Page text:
March is a great month to focus on supplier terms, stock and customer credit to ensure you're getting the best results for cash flow.

Review supplier terms

Paying suppliers impacts your cash flow, but you can free up cash flow by negotiating extended payment terms.

If you make full use of your terms of trade with your suppliers – and wait the 30 days allowed to pay after delivery – it's effectively an interest-free loan.

How to review supplier terms

  1. Review all terms offered by your suppliers.
  2. Make a list of suppliers who require payment in less than 30 days.
  3. Approach each of these suppliers and negotiate payment terms longer than currently offered.
  4. Look for new suppliers who provide extended payment terms.

Check whether:

  • your business's financial policies and procedures are clear about how to choose and –manage suppliers
  • payment terms specify that terms commence from complete delivery – as opposed to part delivery – this should include goods or services that haven't been provided as agreed
  • you can extend payment terms – lengthening the payment terms from 30 to 45 days may help smooth out fluctuations in cash flow
  • quarterly payments are available – some larger companies, such as utilities may accept quarterly payments, which can help in forecasting cash flow requirements
  • there's an alternative supplier that can provide better terms, but first discuss this with your existing supplier – they might match the offer and will appreciate the loyalty you've shown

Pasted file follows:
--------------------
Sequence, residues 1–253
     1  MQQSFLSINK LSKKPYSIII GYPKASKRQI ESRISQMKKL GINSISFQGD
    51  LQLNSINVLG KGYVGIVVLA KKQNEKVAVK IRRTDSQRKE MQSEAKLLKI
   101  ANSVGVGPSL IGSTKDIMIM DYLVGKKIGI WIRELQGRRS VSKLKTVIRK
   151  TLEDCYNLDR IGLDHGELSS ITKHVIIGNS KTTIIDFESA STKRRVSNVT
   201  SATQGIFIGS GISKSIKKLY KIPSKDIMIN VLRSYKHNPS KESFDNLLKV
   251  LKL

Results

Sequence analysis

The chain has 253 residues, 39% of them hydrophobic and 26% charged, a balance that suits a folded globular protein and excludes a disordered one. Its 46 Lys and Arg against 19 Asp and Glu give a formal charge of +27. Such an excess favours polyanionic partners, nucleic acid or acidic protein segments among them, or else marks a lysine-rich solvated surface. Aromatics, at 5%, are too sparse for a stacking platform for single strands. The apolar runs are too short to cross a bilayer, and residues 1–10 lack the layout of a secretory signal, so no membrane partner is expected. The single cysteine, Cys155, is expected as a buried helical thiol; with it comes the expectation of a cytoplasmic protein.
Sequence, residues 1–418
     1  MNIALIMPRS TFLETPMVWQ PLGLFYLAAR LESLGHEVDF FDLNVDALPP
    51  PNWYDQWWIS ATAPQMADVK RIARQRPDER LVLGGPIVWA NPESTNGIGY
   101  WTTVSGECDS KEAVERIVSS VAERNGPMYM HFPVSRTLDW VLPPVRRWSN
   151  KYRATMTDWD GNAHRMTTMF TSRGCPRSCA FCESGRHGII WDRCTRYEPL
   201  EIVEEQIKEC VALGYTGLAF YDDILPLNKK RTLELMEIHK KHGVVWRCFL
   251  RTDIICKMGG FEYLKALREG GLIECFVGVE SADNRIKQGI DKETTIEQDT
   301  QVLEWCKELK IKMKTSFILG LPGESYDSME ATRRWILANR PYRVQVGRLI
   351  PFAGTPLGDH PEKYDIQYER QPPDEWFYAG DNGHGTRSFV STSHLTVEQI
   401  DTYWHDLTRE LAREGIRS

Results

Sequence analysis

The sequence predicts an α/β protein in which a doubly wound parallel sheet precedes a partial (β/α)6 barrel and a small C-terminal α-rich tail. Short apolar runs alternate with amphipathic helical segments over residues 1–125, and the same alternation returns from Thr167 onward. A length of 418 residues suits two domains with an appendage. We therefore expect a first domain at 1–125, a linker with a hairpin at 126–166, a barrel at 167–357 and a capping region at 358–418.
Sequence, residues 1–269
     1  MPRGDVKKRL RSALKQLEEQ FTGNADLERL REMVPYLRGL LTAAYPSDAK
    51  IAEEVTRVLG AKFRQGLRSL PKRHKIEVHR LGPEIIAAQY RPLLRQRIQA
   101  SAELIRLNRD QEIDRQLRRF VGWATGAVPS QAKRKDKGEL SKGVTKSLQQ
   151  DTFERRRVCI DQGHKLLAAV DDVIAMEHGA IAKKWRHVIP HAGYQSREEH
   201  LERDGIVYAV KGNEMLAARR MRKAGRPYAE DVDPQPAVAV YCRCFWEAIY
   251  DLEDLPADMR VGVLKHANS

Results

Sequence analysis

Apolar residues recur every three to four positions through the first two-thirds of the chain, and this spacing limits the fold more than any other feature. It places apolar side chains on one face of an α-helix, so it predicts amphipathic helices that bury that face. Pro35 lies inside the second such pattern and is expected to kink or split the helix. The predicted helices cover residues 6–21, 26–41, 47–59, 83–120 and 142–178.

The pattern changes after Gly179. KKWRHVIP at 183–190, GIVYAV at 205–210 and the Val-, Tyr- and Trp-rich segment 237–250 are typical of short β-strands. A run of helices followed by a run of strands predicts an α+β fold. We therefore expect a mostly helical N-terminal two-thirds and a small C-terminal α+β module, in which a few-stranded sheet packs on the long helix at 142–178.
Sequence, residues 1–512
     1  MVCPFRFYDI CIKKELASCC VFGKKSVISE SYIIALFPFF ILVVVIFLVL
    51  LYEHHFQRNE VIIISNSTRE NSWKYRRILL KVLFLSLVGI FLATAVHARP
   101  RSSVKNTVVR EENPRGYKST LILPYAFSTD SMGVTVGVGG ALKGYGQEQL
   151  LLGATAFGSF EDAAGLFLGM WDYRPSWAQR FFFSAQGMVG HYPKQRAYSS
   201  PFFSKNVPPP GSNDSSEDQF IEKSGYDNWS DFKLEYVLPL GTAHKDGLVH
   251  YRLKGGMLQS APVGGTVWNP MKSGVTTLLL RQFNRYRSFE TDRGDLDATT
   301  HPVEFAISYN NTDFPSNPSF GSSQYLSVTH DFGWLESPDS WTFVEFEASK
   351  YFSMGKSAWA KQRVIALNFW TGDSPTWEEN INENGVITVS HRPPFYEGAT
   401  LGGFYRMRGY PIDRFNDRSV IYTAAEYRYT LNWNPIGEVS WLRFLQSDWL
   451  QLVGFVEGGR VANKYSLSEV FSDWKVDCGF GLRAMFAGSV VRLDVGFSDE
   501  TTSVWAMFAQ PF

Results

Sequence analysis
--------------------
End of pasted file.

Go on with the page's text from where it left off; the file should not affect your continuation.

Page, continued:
Review all stock held

Make sure you're not tying cash up by holding unnecessary stock – it costs between 10-30 percent of the value of stock just to maintain it. The costs come from storage, insurance, keeping accurate tracking records and proper controls to avoid theft.

How to review all stock held

  1. List all stock held, and the value of stock on hand.
  2. Review sales of each stock item to identify fast moving and highest-selling stock.
  3. List slow-moving, aged and excess stock.
  4. Update stock records and make a buying policy.

You can manage your stock by:

  • identifying which items move quickly, which items contribute the highest gross margin, and which ones are seasonal – this will help you know how much of each line of stock to keep on hand, and when reorder is required
  • selling aged and excess stock at prices to move it, or use as a donation – this will generate cash to invest in new stock that will move quickly and free up display space; don't forget to advertise you made the donation
  • negotiating with suppliers for delivery of fast-moving stock when required, called Just In Time – this eliminates the need to hold a large store of stock to meet customer demand
  • maintaining good records and control over your stock holdings to ensure you keep aged and excess stocks to a minimum and reduces the risk of theft – it also makes sure you have adequate stock to meet customer needs

Set up customer credit controls

Having good customer credit controls in place will increase your chances of getting paid on time.

How to set up customer credit controls

  1. Record the results of customer credit checks.
  2. Rank all customers according to credit risk.
  3. Set credit limits for each customer.

To better manage customer credit:

  • engage a specialist company such as Equifax or Dun & Bradstreet to assist in checking the credit history of a potential customer
  • make sure your system tracks outstanding credit of your customers and notifies relevant staff if the limit's been exceeded – ensure this notification happens before the next sale
  • document procedures to be undertaken when a credit limit is exceeded, and ensure all relevant staff are aware of what needs to be done